Traditional multivariate clustering approaches are common in many geovisualization applications. These algorithms are used to define geodemographic profiles, ecosystems and various other land use patterns that are based on multivariate measures. Cluster labels are then projected onto a choropleth map to enable analysts to explore spatial dependencies and heterogeneity within the multivariate attributes. However, local variations in the data and choices of clustering parameters can greatly impact the resultant visualization. In this work, we develop a visual analytics framework for exploring and comparing the impact of geographical variations for multivariate clustering. Our framework employs a variety of graphical configurations and summary statistics to explore the spatial extents of clustering. It also allows users to discover patterns that can be concealed by traditional global clustering via several interactive visualization techniques including a novel drag & drop clustering difference view. We demonstrate the applicability of our framework over a demographics dataset containing quick facts about counties in the continental United States and demonstrate the need for analytical tools that can enable users to explore and compare clustering results over varying geographical features and scales.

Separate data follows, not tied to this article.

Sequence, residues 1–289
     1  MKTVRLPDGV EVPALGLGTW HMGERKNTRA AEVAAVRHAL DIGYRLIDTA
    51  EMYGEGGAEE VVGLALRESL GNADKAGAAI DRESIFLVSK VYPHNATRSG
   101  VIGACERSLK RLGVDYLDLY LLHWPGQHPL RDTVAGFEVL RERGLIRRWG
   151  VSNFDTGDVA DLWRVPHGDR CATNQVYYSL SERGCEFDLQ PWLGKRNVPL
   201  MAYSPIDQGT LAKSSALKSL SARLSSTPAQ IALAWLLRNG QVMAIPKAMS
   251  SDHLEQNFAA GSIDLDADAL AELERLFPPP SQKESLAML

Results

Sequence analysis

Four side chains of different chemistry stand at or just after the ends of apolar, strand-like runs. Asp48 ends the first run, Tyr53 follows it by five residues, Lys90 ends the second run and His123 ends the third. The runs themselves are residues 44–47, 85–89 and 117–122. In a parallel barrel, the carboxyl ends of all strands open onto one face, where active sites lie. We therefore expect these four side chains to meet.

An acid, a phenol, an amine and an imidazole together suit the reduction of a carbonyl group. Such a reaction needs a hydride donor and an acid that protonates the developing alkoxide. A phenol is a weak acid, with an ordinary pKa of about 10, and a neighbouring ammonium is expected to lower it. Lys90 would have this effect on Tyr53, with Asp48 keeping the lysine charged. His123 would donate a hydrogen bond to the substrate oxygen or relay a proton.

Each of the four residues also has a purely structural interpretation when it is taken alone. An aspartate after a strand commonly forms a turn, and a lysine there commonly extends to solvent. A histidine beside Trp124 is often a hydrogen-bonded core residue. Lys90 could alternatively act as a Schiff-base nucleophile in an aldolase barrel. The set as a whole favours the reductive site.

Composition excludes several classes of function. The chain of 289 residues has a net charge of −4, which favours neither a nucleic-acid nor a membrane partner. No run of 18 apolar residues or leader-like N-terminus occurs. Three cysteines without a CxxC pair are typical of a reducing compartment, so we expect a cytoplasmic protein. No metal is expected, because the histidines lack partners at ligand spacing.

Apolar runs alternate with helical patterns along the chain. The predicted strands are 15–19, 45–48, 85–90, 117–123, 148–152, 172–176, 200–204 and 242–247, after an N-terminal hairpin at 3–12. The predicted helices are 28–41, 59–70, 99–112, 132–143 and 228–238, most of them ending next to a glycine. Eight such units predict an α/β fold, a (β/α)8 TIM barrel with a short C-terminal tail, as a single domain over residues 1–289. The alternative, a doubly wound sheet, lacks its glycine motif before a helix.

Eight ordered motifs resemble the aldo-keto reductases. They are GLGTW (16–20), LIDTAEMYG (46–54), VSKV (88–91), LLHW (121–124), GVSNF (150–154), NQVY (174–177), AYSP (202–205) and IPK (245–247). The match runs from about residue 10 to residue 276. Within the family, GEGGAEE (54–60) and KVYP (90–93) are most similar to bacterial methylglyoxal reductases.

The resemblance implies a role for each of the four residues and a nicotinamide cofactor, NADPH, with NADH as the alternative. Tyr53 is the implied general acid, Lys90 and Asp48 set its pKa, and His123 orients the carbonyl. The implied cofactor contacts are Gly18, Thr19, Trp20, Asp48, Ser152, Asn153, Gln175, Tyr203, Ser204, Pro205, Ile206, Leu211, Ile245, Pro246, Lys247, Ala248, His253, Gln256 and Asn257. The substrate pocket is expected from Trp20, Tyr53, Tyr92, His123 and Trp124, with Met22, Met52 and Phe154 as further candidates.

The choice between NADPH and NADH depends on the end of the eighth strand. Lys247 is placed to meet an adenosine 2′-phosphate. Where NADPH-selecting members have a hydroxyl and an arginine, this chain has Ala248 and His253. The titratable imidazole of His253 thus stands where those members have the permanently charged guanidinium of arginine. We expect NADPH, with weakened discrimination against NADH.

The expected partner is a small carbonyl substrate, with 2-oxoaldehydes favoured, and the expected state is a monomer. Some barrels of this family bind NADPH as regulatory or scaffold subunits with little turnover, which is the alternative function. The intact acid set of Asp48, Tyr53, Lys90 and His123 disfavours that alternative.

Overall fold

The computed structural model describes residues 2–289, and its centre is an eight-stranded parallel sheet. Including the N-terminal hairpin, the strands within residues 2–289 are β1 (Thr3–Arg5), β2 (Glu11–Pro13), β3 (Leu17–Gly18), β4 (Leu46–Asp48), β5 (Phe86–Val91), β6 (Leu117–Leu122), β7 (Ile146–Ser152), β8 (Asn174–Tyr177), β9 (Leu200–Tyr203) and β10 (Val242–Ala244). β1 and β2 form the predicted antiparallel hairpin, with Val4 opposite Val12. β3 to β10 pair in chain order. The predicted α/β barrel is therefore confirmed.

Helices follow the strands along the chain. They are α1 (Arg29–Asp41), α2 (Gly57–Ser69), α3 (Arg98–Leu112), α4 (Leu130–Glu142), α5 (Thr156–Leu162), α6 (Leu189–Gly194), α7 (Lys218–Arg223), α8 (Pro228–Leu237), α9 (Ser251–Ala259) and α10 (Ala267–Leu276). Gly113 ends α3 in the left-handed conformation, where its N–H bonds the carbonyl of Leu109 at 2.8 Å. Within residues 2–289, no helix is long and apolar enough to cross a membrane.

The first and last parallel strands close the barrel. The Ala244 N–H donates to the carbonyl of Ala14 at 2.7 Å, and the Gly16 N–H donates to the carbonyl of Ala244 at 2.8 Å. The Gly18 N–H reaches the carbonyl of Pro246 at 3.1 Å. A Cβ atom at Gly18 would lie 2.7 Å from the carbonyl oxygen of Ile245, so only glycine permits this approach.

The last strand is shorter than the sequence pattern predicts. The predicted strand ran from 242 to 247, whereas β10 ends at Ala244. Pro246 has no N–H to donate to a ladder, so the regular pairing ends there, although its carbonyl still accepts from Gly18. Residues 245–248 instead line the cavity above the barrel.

- Categories and Subject Descriptors (according to ACM CCS)
- I.3.3 [Computer Graphics]: Applications—
ASJC Scopus subject areas
- Computer Graphics and Computer-Aided Design